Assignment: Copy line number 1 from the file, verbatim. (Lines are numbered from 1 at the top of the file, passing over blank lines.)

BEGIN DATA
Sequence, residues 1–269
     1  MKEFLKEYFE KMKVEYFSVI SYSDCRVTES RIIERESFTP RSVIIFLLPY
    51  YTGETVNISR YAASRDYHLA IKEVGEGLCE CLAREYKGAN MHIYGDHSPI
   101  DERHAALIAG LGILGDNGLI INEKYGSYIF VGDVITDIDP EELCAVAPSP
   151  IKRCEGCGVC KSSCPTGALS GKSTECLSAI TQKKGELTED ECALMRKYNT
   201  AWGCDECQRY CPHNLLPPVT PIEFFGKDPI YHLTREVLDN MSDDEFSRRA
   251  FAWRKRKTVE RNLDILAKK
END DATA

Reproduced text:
Sequence, residues 1–269